Wikipedia articles, tweets, and other forms of user-generated content (UGC) play an essential role in the experience of the average Web user. Outside the public eye, UGC has become equally indispensable as a source of world knowledge for systems and algorithms that help us make sense of big data. In this talk, I will demonstrate that UGC reflects the cultural diversity of its contributors to a previously unidentified extent and that this diversity has important implications for Web users and existing UGC-based technologies. Focusing on Wikipedia, I will show how UGC diversity can be extracted and measured using diversity mining algorithms and techniques from geographic information science. Finally, through two novel applications – Omnipedia and Atlasify – I will highlight the exciting potential for a new class of technologies enabled by the ability to harvest diverse perspectives from UGC.
Brent Hecht is an assistant professor of computer science and engineering at the University of Minnesota. With interests that lie at the intersection of human–computer interaction, geography, and big data, his research centers on the relationship between big data and human factors such as culture. A major focus of his work involves volunteered geographic information and its application in location-aware technologies.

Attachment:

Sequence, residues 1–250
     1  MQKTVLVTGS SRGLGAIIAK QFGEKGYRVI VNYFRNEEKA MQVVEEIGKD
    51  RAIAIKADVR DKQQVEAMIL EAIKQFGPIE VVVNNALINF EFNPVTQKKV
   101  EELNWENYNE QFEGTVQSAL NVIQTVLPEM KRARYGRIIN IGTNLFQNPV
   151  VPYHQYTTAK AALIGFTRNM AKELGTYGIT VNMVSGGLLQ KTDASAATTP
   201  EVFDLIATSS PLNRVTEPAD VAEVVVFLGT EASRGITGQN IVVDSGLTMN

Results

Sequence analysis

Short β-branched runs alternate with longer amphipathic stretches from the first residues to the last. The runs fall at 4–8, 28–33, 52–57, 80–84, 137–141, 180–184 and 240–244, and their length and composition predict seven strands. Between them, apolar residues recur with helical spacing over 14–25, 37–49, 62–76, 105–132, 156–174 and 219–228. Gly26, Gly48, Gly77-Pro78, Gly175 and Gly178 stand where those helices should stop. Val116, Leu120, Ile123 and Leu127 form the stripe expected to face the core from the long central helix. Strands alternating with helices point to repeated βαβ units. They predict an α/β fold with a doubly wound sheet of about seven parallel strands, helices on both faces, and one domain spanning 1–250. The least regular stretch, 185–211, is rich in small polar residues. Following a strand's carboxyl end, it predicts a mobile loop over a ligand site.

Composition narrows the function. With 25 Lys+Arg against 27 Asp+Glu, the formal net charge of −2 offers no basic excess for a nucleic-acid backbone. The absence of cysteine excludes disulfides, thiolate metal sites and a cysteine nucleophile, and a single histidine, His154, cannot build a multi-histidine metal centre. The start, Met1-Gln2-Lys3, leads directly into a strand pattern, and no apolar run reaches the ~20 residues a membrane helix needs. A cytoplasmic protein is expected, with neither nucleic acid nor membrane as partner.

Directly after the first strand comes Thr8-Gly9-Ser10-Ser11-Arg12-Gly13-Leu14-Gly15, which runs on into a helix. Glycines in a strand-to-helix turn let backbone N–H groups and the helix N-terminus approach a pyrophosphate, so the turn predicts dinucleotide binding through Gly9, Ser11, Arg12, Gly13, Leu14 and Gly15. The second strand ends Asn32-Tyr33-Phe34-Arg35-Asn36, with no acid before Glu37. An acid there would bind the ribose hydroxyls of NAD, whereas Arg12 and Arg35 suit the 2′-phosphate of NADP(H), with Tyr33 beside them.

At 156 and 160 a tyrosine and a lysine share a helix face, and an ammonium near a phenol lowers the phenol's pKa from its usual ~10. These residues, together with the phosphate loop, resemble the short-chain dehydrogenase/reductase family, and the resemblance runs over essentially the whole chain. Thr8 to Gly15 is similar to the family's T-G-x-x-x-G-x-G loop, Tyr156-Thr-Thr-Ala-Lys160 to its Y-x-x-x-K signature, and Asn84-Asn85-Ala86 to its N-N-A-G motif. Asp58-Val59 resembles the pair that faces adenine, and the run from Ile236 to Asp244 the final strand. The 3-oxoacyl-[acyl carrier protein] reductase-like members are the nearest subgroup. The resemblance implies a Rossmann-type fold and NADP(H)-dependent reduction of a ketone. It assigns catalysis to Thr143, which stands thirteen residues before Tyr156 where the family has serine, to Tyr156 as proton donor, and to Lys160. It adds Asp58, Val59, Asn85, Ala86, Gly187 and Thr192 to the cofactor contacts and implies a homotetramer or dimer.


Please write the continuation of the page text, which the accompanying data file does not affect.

Dr. Hecht received a Ph.D. in computer science from Northwestern University, a Master’s degree in geography from UC Santa Barbara, and dual Bachelor’s degrees in computer science and geography from Macalester College. He was a keynote speaker at WikiSym – the premiere conference on wikis and open collaboration – and has received awards for his research at top-tier publication venues in human-computer interaction and geography (e.g. ACM CHI, COSIT). He has collaborated with Google Research, Xerox PARC, and Microsoft Research, and his work been featured in the MIT Technology Review, New Scientist, AllThingsDigital, and various international TV, radio, and Internet outlets.
Wednesday Keynote session sponsored by IBM